Thursday, 24 August, 11:00 - 12:00
In this presentation I problematise the idea that we live in an era of constant change with respect to education and educational research. I rather claim that what presents itself as change on supra-national as well as national levels, or even in classrooms, more often than not has to do with adjustments within a given reality rather than of a radical and profound change of this same reality. By challenging the very understanding of “constant change”, I show how the current state of affairs in education in many European countries is rather to be understood as a consequence of no change at all. I intend to show how this blocking of profound change in education creates a dangerous situation in which European democracies are increasingly leaving people behind. The response to this situation I will suggest is to mobilize radical forms of theory that address the inherent emancipatory and transformational character of education. This kind of theory, I argue, actually also addresses the central characteristics of a truly pluralistic democracy, since these are reliant upon diverse persons who are capable of instigating change as part of the exercise of freedom. Drawing on Jacques Rancière and Judith Butler the presentation will lay out some strategies that resist an anti-democratic and anti-pluralistic tendency within current educational trends and instead promote an education that is concerned with a ‘livable life’ (Butler 2015) for all.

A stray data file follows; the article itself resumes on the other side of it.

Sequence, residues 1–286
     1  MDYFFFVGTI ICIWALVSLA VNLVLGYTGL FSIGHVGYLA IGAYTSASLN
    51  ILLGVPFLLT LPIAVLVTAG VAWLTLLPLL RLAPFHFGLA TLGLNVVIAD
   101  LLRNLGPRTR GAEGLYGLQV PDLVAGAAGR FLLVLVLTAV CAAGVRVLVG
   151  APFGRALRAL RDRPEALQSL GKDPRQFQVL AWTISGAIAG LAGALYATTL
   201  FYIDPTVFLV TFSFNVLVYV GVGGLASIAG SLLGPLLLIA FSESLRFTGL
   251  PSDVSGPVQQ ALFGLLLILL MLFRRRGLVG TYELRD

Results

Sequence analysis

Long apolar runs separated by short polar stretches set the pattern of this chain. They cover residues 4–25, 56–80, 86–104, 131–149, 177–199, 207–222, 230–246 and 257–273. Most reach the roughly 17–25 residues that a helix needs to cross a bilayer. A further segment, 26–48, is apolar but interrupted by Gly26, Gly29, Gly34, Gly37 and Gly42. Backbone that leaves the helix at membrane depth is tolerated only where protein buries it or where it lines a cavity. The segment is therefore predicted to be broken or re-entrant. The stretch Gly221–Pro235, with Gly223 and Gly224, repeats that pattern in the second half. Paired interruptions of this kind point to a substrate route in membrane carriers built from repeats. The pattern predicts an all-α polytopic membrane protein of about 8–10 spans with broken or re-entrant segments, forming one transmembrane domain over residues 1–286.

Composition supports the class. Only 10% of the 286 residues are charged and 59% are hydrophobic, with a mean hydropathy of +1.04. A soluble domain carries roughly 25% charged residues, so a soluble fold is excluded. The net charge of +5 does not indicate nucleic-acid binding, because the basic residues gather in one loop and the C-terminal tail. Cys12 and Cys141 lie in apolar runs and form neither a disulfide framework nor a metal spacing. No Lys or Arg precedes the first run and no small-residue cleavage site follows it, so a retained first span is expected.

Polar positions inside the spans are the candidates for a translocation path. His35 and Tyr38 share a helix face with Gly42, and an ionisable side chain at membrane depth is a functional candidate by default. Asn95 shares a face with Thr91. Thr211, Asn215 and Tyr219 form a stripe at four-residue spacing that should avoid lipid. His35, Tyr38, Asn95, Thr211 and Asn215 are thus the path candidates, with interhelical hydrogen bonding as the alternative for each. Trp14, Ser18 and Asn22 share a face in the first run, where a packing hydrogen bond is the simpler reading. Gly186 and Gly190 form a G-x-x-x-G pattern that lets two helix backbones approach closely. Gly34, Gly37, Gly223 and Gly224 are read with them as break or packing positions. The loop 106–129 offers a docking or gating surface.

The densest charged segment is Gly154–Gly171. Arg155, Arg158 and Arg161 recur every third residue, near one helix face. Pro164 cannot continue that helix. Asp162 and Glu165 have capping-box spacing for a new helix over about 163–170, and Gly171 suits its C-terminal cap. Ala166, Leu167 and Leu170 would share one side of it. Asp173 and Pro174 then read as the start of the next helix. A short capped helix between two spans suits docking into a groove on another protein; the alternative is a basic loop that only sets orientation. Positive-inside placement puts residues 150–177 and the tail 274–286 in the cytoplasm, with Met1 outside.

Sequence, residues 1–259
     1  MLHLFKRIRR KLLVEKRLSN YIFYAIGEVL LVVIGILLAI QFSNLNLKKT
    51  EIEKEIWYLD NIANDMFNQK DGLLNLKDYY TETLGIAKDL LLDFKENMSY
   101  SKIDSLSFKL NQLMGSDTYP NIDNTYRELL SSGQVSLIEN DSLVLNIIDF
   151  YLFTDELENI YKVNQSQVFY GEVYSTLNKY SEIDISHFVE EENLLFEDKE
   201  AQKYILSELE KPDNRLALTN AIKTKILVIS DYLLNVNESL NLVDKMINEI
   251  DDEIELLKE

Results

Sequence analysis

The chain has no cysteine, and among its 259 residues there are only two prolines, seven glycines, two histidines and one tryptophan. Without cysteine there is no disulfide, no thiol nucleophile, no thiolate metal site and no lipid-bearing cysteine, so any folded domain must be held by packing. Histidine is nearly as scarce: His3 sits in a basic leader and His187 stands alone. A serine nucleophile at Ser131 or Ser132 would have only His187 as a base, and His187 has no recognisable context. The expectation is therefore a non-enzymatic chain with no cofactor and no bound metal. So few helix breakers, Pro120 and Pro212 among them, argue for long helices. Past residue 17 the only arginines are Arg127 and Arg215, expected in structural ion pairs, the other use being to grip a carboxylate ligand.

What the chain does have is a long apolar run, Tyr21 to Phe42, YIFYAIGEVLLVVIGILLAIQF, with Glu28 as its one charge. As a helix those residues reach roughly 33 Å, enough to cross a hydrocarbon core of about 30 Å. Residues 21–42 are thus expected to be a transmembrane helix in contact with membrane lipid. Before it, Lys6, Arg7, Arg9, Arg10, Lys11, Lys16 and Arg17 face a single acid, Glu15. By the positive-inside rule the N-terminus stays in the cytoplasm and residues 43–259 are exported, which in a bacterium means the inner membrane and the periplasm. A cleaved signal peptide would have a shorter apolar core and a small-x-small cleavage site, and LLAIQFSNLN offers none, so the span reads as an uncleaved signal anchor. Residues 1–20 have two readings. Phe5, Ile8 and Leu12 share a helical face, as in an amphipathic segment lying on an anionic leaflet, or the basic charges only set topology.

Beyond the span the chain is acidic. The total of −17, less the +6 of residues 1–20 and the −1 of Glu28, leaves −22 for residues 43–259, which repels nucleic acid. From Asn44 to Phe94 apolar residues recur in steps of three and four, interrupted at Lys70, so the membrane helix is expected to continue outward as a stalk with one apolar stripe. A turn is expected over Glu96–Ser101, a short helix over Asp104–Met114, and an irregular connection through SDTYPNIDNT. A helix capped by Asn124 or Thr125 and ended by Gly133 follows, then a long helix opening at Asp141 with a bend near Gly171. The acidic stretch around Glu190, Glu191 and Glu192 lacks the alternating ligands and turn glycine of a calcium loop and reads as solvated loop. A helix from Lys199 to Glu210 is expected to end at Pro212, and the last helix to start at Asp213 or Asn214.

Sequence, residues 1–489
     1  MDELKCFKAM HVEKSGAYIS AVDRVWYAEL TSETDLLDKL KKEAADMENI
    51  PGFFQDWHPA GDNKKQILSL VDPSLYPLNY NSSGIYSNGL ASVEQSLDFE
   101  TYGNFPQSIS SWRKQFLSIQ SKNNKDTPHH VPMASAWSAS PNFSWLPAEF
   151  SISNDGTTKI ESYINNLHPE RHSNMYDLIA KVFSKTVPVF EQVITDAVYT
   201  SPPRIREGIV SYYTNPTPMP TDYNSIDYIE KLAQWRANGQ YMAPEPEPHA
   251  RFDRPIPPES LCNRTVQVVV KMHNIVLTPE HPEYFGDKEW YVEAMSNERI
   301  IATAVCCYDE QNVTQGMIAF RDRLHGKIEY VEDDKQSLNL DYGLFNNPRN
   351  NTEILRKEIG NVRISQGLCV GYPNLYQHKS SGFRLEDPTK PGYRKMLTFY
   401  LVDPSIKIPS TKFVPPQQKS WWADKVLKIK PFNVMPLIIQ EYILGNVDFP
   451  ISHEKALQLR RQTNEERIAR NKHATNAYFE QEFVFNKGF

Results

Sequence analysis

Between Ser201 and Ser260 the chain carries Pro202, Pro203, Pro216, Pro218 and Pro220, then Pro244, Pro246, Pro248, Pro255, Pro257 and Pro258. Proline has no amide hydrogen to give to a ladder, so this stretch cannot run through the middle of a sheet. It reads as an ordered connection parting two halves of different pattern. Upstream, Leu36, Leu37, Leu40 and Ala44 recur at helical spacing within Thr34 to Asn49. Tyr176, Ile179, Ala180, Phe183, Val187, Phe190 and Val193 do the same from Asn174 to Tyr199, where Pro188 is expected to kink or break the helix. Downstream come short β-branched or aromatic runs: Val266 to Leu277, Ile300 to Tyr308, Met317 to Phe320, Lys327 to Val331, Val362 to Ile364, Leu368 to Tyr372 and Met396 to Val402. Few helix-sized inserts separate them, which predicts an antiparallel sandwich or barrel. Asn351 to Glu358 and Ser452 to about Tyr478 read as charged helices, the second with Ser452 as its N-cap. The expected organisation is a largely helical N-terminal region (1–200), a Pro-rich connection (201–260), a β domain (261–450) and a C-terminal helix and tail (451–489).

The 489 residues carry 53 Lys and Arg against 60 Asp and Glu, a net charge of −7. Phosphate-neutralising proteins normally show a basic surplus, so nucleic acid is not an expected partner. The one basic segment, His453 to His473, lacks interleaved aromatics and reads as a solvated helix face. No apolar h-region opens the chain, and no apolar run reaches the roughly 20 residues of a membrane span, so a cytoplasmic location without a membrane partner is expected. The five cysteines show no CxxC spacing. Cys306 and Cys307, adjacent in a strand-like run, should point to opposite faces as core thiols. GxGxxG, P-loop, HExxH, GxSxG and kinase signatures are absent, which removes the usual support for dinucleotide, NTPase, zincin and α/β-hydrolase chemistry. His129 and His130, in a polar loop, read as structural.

Professor Carl Anders Säfström, School of Culture and Education at Södertörn University Stockholm, former President of Nordic Educational Research Association and Chair of the doctoral programme Philosophical Studies of Educational Relations, financed by the Swedish Research Council.
Carl Anders Säfström focuses on issues of responsibility for the other, justice, equality and freedom in educational relations as well as the contextual conditions under which we are formed as thinking, sensible and acting subjects in cooperation with others. He is also stressing the need, in thinking as well as in researching the world, to start with what the pragmatists call real problems.
His current research deals with the theory, practice and policy of teacher education, comparative studies of educational theoretical traditions, and aims at developing educational concepts for an educational theory and practice in a conflictual world.